24hrs with a Local

24 hours with a Local: Powder Magazine Founder Jake Moe

The skiing in Sun Valley has been influential on many people and brands over the years, including Jake Moe, who was working as a Sun Valley ski patroller in 1968 when he came up with the idea for Powder magazine. At just 20 years old, Jake lived like so many ski bums still do in Sun Valley: balancing his love of riding fresh pow with working an assortment of jobs, from dishwasher, waiter, and cook to roof shoveler, cannery worker, and painter. In 1972, the first issue of Powder came out, and Jake continued producing the magazine from Sun Valley until 1975, when he opened the magazine’s office in Boulder. Over the years, Jake has been in and out of Sun Valley, but it was when he finally retired seven years ago that he and his wife, Susan, decided to leave Seattle and come back to the town where they met 50 years ago (Susan worked for Sun Valley back in the ’70s as well). Now living in Warm Springs, Jake maintains a busy life for someone who’s “retired”: coaching tennis three days a week, volunteering, mountain biking, golfing, fly fishing, hiking, catching summer concerts, traveling in his van, consulting occasionally for Powder, and writing for Sun Valley Magazine. We caught up with Jake to see how he spends the perfect June day in Sun Valley.

How does your morning start?

Jake: I just love starting the day off by coaching tennis—I do that in the morning on Mondays, Wednesdays, and Fridays. I go through several hours of coaching. That gets everybody fired up and me fired up. With the Sun Valley courts looking at Baldy, you have this great juxtaposition of a world-class ski mountain and tennis resort, and those are my two favorite sports.

Where does your morning go from there?

Jake: After that, it’s time for coffee: I’m an extra-hot latte guy. I love all the coffee places. Each one has a different personality. Consequently, I see different people at different ones. This is really important and I don’t know if this is common in terms of people stating this, but when you live in Ketchum/Sun Valley, you have to be flexible, because at every stop along the way, whether it’s tennis, coffee, golf, cycling, or post office, you’re gonna run into your best friends and that means you have to be flexible to spend the 10, 15, 20 minutes to catch up. My wife allocates one hour for me just to get three things at the grocery store because she knows I’ll run into several people and we’ll talk. And that’s the fun part of living in a small town. I think we should celebrate that and not be disappointed you’re delayed.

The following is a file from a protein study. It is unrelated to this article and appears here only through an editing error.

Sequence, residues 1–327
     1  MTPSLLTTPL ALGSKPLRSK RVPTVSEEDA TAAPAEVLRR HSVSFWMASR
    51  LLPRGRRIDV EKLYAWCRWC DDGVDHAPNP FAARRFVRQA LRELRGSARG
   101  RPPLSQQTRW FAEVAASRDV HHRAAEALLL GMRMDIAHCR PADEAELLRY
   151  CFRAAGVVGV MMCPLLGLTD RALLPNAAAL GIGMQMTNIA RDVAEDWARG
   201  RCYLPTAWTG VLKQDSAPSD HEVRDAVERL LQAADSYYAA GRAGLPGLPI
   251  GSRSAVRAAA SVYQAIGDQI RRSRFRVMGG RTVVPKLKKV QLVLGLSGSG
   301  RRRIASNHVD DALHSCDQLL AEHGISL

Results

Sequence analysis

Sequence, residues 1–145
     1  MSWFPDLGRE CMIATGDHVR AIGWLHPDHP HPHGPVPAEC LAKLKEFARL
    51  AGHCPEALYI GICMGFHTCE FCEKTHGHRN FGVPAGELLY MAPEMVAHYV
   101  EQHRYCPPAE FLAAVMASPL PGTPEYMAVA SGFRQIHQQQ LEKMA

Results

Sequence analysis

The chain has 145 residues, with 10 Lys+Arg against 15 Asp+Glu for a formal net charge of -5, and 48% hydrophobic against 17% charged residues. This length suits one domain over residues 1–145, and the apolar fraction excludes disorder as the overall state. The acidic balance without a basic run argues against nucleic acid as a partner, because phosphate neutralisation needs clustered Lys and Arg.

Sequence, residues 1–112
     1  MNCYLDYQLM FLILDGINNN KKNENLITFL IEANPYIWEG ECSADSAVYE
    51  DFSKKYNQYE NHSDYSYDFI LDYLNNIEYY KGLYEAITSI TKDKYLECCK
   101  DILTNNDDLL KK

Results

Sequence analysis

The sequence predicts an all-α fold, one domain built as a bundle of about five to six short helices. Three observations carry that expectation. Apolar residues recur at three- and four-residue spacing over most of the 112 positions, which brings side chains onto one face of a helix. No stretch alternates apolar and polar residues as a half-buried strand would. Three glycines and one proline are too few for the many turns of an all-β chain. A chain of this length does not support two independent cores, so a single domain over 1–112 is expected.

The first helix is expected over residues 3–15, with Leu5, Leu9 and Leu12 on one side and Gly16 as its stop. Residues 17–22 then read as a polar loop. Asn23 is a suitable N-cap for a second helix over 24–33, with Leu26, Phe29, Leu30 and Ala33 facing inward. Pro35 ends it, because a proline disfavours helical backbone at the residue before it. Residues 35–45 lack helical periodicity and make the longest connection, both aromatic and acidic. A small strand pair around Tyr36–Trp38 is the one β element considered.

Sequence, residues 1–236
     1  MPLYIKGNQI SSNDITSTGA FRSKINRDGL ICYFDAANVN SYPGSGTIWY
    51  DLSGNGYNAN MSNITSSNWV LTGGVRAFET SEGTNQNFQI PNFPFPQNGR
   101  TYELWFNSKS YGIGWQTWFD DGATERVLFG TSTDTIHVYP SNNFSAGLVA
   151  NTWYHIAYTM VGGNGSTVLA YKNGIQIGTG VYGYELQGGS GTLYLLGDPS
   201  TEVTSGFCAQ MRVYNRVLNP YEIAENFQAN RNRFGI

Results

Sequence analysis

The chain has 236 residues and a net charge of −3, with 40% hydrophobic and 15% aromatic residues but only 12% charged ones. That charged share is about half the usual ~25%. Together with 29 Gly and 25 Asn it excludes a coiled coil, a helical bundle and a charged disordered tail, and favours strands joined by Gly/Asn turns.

What about breakfast?

Jake: Then I’d go home and have a late breakfast or early lunch. For breakfast, I’m big on waffles, blueberries, ice cream, and pure maple syrup. I try to include menu selections that are not only fun to eat but kind of celebration mode. If I’ve had a really great morning with a lot of dynamic tennis students that are making progress; I’ll celebrate. I approach it that way.

What’s the afternoon looking like?

Jake: Then I’d take a rest, because coaching tennis takes a lot of hustle, and I do get up early. I’m a big 20-minute power nap person—have been my whole life. Once I wake up, then I’ve got the choice to either play golf on the White Clouds course or go for a bike ride on the Harriman Trail or out Warm Springs past the hot springs. If the conditions are great, maybe fly fishing out Warm Springs.

And what’s your evening like?

Jake: My wife and I probably go to at least 40 live concerts each summer, so we’d have a concert at night. We do huge dinners at the concert, that’s a part of it. It’s like having a table with a view, with unbelievable music. It’s always salad, BBQ chicken, or we buy something out. Part of the activity is to have a bottle of wine and a meal at a concert.

How does your evening wind down?

Jake: I’d end with a snapshot of local news in Twin Falls: see what’s going on in the region, check the weather.

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